Once again, markets are appearing impervious to bad news. Pre-market futures are up again following a Monday finishing moderately in the green across the board. Currently, the Dow is up 165 points, the Nasdaq +29 and S&P 500 +17. In the case of the S&P 500, it is now above the 200-day trading average, suggesting another possible breakout to the upside.
That this looks possible is quite strange when one turns on the TV or the Internet, filled in weeks past with new fatality totals of COVID-19 — over 106K Americans have now succumbed to the disease and 371K globally, for anyone still paying attention to these numbers — and now with protests, riots and most recently shows of force by U.S. law enforcement and a call from the president for more around the country. The market is keeping no news items (thus far) from its “V”-shaped recovery taking place.
The question is: Are we going too far too fast? Does current market exuberance in the face of dire realities (a new Employment Situation reports comes out Friday, speaking of dire realities) increase the chances this “V” might turn into a “W”? (OK, that’s more than one question.)
Motor Vehicle Sales Results Today
Throughout the course of today, we expect periodic releases from the major global car companies —General Motors (GM - Free Report) , Ford (F - Free Report) , Honda (HMC - Free Report) , among others — about May vehicle sales. These come with particularly low expectations, considering our months’ long lockdown that kept fewer people driving, let alone shopping for new cars.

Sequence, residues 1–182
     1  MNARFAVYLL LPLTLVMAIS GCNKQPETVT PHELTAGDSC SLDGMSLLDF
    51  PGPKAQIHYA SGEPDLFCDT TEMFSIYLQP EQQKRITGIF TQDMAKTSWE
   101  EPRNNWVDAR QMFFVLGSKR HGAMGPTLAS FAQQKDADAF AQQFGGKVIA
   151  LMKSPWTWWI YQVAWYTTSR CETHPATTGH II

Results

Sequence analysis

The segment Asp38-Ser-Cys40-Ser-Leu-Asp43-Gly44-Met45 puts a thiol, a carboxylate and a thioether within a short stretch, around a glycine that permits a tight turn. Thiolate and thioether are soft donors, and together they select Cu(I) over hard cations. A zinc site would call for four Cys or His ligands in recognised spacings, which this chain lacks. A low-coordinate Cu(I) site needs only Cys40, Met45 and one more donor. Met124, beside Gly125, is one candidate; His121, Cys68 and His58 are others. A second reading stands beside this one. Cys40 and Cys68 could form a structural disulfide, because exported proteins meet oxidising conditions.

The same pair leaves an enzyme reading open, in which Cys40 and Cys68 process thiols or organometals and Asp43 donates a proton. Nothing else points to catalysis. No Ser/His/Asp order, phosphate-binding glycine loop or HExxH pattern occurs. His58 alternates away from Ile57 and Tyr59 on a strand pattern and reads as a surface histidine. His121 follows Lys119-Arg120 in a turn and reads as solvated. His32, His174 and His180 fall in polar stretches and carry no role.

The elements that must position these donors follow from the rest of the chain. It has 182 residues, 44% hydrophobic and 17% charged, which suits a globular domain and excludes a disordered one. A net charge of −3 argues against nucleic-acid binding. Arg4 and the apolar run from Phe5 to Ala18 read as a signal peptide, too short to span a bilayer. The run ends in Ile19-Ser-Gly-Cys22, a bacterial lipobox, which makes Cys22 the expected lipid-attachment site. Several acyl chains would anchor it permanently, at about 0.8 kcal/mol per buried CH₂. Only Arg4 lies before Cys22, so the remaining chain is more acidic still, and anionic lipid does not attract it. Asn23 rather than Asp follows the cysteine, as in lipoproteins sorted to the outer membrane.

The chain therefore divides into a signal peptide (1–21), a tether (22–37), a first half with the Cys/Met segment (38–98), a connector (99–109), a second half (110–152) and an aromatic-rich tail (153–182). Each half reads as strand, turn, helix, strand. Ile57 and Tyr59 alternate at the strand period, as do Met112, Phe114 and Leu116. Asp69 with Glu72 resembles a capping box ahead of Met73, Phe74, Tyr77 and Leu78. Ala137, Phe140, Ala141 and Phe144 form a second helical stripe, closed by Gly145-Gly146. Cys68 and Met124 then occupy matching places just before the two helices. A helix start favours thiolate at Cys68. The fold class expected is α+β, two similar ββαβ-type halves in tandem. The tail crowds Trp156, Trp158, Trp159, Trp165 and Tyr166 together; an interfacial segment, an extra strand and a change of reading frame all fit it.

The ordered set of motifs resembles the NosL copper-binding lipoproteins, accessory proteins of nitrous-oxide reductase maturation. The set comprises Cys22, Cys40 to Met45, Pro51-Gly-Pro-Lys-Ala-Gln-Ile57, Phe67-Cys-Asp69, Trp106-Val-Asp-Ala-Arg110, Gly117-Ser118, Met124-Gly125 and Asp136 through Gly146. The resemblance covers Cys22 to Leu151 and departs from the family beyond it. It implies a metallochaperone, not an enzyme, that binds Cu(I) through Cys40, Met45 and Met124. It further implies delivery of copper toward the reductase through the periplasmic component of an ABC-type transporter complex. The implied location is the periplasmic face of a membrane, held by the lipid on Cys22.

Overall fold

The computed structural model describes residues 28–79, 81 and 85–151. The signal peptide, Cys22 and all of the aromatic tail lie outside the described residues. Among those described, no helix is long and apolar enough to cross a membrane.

Toyota (TM - Free Report) has already reported a drop of 25.7% new auto sales from last month — not a great number, but pent-up demand over time ought to bring these figures into something of a “V”-shaped curve (hopefully), as well. Overall, May sales are expected to come in around 11.8 million vehicles sold. This is well below the earlier estimate of 15.5 million sales, but already a marked improvement from April’s 8.6 million sales.
Auto companies had still been incorporating limited operations during the coronavirus lockdown period. But with factories now opening more fully, though not totally at this stage — workers in close confines are regarded as the current hotbeds of COVID-19 spreading — to match at least some of this expected pent-up demand, we are hopeful the numbers we’re seeing in May and April represent the veritable and historic trough in auto sales.